Shall We Dansu?

As you all know, Dustin and I will soon be wed. We decided to brush up on our dancing skills for the reception, since we'll be on the dance floor all by ourselves for the longest three minutes of our lives. Now, I love to dance... at dance parties, where the lights are low, the music is fast, and no one is one hundred percent sober. Despite my love for both music and dance parties, I have long come to terms with the fact that I have little to no rhythm. I'm a fan, but I could never ever be a musician. It's just not in my veins.

I can only remember taking one dance class in my life. It was an Irish dance class, and I only took the lessons because my best friend in junior high school was really into Irish dance, and she looked so cool when she would practice in front of me. So, obviously, I wanted to look equally as cool. Unfortunately, it didn't quite work out and I quit before the recital, because the thought of going on stage with my skills was anything but appealing.

I didn't really know what to expect, but I knew it was probably a good idea to take some kind of dance lessons unless I wanted to subject my guests to watching Dustin and I slowly sway from side to side for three whole minutes. I used the amazing people at the International Affairs Center in our local Civic Center as a resource to help me research the possibilities in Nagaoka. We went with the cheapest option, but the minimum class size was 4. So, I recruited my boss and his fiancé, who are getting married a few weeks after us. They didn't really know how to slow dance either. We didn't exactly discuss what kind of dance we wanted to learn beforehand, but both couples agreed to bring in a CD of the songs to which we want to dance.

When we arrived for our first lesson, we were greeted by a tall, elegant man with perfect posture who glided towards us and dipped in a very un-Japanese bow to introduce himself. We exchanged names, and he wrote three out of the four of our names down; Kei, my boss's fiancé is Japanese, so her name was easy enough to commit to memory. He asked us what type of dance we wanted to learn: mambo, salsa, tango, foxtrot? Ummm... we all looked at each other bewildered. I asked Kei, "What is slow dancing called in Japanese?" She didn't know, but she told him something along the lines of, "We just want to learn some steps to dance to some slow songs at our weddings." He looked both confused and annoyed.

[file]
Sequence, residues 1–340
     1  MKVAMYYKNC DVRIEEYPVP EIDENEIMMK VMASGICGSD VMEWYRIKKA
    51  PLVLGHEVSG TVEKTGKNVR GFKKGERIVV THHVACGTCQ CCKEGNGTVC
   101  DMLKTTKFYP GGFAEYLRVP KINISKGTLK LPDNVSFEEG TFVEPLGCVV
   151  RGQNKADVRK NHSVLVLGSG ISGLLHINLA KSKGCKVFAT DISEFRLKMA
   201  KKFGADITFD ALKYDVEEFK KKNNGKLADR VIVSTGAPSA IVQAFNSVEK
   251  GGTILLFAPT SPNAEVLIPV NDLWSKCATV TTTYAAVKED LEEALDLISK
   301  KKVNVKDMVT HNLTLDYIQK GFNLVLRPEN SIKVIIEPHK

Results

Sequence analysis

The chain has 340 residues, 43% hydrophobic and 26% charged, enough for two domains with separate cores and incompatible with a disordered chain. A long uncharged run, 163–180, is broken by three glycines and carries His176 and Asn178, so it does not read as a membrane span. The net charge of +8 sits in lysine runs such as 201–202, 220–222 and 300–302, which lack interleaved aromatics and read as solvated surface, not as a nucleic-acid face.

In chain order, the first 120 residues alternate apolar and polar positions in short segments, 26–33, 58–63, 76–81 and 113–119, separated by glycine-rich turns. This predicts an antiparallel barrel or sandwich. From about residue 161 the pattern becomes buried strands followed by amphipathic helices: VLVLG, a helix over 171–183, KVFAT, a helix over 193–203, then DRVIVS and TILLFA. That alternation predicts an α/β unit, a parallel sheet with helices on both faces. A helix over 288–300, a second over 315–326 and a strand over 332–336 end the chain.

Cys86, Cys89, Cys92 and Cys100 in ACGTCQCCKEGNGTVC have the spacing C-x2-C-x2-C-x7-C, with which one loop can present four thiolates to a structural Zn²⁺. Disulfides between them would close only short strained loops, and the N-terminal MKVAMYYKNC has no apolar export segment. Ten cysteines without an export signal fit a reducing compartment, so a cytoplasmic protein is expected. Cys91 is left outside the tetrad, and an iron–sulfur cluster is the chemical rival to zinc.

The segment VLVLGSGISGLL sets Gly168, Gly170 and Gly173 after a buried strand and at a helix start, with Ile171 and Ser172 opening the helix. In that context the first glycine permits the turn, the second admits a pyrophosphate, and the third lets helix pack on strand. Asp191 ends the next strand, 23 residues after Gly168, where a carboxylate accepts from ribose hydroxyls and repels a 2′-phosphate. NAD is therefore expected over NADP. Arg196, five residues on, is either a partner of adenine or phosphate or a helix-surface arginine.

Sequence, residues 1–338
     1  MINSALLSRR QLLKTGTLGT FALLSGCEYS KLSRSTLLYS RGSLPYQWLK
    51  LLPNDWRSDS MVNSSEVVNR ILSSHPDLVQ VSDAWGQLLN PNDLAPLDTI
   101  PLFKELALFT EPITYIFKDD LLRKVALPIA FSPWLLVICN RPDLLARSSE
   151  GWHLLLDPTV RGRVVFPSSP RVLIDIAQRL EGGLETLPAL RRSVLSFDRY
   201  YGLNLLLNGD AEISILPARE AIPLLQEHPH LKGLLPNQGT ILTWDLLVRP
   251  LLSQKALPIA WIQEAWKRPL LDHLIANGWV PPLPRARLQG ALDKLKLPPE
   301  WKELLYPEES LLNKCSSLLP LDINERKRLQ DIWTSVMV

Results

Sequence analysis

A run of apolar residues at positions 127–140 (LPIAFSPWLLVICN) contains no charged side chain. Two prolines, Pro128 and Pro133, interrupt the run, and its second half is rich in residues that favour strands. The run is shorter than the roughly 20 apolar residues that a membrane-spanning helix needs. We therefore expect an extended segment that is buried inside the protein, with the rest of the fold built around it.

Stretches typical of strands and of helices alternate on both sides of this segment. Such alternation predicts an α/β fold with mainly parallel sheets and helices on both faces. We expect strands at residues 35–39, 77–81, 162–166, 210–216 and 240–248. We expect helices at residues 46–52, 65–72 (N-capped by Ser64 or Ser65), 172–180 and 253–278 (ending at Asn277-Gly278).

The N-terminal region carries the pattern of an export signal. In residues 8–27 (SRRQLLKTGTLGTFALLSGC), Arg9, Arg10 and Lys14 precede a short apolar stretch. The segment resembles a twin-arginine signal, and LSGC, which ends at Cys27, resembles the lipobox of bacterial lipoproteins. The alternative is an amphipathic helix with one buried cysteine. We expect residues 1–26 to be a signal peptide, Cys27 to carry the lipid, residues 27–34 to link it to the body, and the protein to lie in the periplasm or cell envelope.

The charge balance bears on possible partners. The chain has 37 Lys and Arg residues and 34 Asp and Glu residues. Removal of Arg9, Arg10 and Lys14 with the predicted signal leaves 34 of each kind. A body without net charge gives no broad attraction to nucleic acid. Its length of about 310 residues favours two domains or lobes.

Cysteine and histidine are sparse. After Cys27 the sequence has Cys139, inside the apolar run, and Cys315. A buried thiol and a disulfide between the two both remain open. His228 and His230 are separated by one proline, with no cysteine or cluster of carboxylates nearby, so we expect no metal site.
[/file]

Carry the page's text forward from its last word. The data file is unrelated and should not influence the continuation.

I handed over my CD. He put it on, and said, "This is very slow." So... he sped it up, and it didn't sound like the song to which I wanted to dance at all. But he started teaching us some steps. Luckily, dance terms are mostly in English, and the other words he used most frequently were words and phrases I've learned long ago: left, right, woman, man, you can do it. What we didn't understand, Kei attempted to translate, although she didn't always understand what he was saying in Japanese.

By the end of the first lesson, Dustin was ready to trade me in for a new dance partner, because I do not know the meaning of the word "follow." Try as hard as I may, I cannot help leading. I try to let my mind go blank and let him lead me around the dance floor, but at some point in the journey, I've become the one steering us forward. How do you learn not to lead?

We went back for 5 more dance lessons, one half hour session per week. Our instructor was amazed at our lack of progress. The second lesson was spent reviewing and trying to re-teach what was covered in the first lesson. The third lesson began with a new step, but we'd all forgotten the steps from the first two lessons, so he had to go over those again, and by that time, the lesson was over. The fourth and fifth lessons were much of the same, but he taught us a twirl right at the end of the fifth lesson.

For our last lesson, we spent 15 minutes re-learning the twirl and the steps we'd still never mastered from that first lesson. Then, our instructor looked at his hand (where he always had us foreigners' names written), and said, "Deena, you must teach something something something Dasuteen." I knew that I understood most of what he'd said. It was in Japanese, but I could have sworn I heard "feerings," which didn't sound very Japanese. I just stared at him with an expression of confusion. He then began slapping Dustin's shoulder and saying, "No, no, no." Dustin and I looked at each other, but neither of us understood what was going on. So, our instructor just began slapping Dustin more vigorously. At this point, I called Kei over to translate. She said, "Um, he wants you to teach Dustin about your feelings." Wah? We couldn't quite figure out what that means... but Dustin and I began to hold ourselves with more proper postures, and that seemed to satisfy him. I knew it would have taken many many years for me to teach Dustin about my feelings, and dance class was not the proper place to do it; trust me, I've been working on it for the past three, and we're still basically somewhere in the midst of lesson one.

It was sad to end our Japanese dance lessons. The saddest part was that we haven't really learned how to dance, and we'll be doing it so very soon. Hopefully, I'll have had enough champagne to take the edge off, and I won't be worrying about leading us into the nearest table full of guests. I might even be so giddy with the excitement of it all that I actually let Dustin lead for once. If you are at our wedding and you see Dustin whispering sweet nothings to me during our first dance, he's probably saying, "slow, slow, quick, quick, slow, slow, and corner, corner, slow, slow..."

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